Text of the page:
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Comment: Re:It is time someone belled the cat. But wish.. (Score 2) 174

by Mr_Silver (#47799133) Attached to: Apple Said To Team With Visa, MasterCard On iPhone Wallet

There was a very nice system, including PIN numbers to manage the POS terminals. Way back when stock trade was 49$, it was 25 cent per transaction irrespective of the size of transaction. This should have become zero. But that is not what happened.

The 25 cent transaction fee is charged by the acquiring bank, not Visa and Mastercard - whose fees for debit are typically 1 cent per transaction as they are a volume based business.

The reason that acquirers charge is because they incur costs associated with that transaction (including, but not limited to, interchange fees). If they didn't charge, it would fail as a viable business model.

Pre-paid cards still have to use Visa or MC to get the request for the money from the acquirer (who has the relationship with the merchant and typically provides the terminal) to the card issuer (the bank that supplied the pre-paid card).

Regarding AppStore vs MC+Visa, in order for Apple to be able to accept payments directly they would have to get an e-money licence so they could issue virtual debit or credit cards for use on their phones. By doing so, they'd still need the rails that Visa and MC provide - unless they really want to get into the business of connecting themselves to all the banks worldwide (aka becoming a payment processor).

Comment: Re:Apparently the trolls are out here, too (Score 1) 1220

In the long run, humanity would be better served if people just learned to lighten up and not get so upset about things written by people they don't know and will never meet.

Death threats in the real world? Yes, that's a thing that is actionable. That's not what I'm talking about.

You do not have a right to never be offended.

It was a hard lesson for me when I was an opinionated teenager who hopped on IRC in the 90s.. all of these older smarter people were trolling me and being mean to me! Poor me!

It was also a GOOD lesson for me. In the internet of back then, the trolls were smarter, and there were no feelings police... no forum moderators... people said what they liked and you either dealt with it or you didn't.

And I look at people who come unglued over what they read on the internet and just shake my head.

An online forum with no rules and no judges and no consequences is one of the most interesting and wonderful things in human history.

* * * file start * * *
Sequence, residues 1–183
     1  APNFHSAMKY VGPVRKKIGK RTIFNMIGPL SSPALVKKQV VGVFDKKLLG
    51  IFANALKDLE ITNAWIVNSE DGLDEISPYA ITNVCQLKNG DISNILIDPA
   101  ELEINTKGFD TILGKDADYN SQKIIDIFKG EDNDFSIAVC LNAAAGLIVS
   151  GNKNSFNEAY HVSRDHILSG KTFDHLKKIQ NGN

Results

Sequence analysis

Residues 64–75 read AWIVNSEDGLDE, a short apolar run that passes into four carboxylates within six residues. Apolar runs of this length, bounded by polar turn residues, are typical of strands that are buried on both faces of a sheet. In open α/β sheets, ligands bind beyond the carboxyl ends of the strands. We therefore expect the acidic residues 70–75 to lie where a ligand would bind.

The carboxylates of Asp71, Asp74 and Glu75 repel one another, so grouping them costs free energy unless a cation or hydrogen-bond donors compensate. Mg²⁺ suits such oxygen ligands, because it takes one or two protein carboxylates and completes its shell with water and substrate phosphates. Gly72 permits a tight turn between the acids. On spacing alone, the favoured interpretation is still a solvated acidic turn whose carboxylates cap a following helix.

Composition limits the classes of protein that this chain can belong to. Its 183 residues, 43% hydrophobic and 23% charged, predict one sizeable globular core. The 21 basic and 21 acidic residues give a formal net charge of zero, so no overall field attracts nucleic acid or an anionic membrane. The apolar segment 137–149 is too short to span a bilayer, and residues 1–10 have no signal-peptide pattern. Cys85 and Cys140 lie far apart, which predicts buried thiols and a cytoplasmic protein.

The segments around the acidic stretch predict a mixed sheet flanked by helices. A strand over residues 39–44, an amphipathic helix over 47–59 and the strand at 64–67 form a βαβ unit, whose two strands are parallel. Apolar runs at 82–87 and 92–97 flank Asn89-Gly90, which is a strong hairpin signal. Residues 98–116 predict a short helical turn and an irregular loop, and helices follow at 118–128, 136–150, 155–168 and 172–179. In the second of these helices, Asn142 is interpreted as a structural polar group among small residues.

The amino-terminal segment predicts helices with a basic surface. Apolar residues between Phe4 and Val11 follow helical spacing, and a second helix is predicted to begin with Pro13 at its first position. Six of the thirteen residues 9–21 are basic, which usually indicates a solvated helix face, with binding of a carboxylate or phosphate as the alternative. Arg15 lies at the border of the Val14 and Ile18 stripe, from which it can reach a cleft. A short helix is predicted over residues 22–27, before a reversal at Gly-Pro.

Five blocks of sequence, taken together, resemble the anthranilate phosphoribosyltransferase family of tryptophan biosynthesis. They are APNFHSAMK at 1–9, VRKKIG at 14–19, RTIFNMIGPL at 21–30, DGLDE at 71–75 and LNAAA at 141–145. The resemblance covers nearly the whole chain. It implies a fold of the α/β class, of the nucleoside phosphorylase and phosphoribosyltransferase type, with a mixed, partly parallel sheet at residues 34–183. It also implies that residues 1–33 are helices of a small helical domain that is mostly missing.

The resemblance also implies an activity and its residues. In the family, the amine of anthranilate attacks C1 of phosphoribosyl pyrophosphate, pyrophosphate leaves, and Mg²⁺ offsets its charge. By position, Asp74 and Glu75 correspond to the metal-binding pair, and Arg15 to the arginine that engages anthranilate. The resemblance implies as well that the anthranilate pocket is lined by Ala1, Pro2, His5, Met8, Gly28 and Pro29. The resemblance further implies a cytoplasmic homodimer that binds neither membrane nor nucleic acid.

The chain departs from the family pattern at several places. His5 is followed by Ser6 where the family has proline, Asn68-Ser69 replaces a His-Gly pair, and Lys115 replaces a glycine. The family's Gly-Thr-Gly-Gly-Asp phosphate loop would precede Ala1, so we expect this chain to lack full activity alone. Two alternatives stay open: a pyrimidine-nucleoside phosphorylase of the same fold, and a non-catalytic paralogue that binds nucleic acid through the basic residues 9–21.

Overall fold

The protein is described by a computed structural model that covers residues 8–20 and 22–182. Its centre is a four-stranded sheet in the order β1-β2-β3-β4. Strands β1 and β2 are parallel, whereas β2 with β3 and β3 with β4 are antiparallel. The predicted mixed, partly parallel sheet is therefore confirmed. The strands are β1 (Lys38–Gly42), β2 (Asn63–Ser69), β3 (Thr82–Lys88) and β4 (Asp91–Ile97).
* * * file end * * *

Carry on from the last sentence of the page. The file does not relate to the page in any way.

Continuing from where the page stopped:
I don't want it to die because of your hurt feelings. I'd rather you went somewhere else.

Comment: Re:Really? (Score 2) 441

by bmajik (#47734635) Attached to: Tech Looks To Obama To Save Them From 'Just Sort of OK' US Workers

*raises hand*

I've posted about this before many times.

I have a pulse
I am not sure about having a conscience -- that may disqualify me.
I have an IQ over 30
I am a citizen
I am not a politician
I am not a CEO.

I've been an engineer at Microsoft since 2000. I've worked on developer tools and ERP products. I've worked in Redmond; I currently work in Fargo.

I have interviewed hundreds of people for Microsoft positions. I am not a manager, but I've played manager at times. I understand the compensation system quite well, and how it has evolved over my 15 years at the company.

I have also worked with non-citizens and non-native born my entire career, including many who are on H1-Bs currently.

You could go and dig through my old posts if you wanted to. I'll try and give the short version

1) In my opinion, Microsoft pays very well. If i lost my job in North Dakota, I think i'd be taking a huge pay cut to work anywhere else. I base this on the numbers people throw out when I've interviewed with other companies. (You get frustrated from time to time in 15 years with the same company. I've shopped around. I've stayed put)

2) There are a lot of "paper qualified" people out there. I can't hire even half of the ones I talk to.

I see both ends of the "funnel" of candidates. For university recruiting trips, there is essentially no filtering done before I get to talk to them. For industry hires, they had to get through a few people before they talk to me.

We're already paying a competitive wage and we cannot hire many of the people we talk to. The obvious move is to try and expand the # of people we're able to talk to.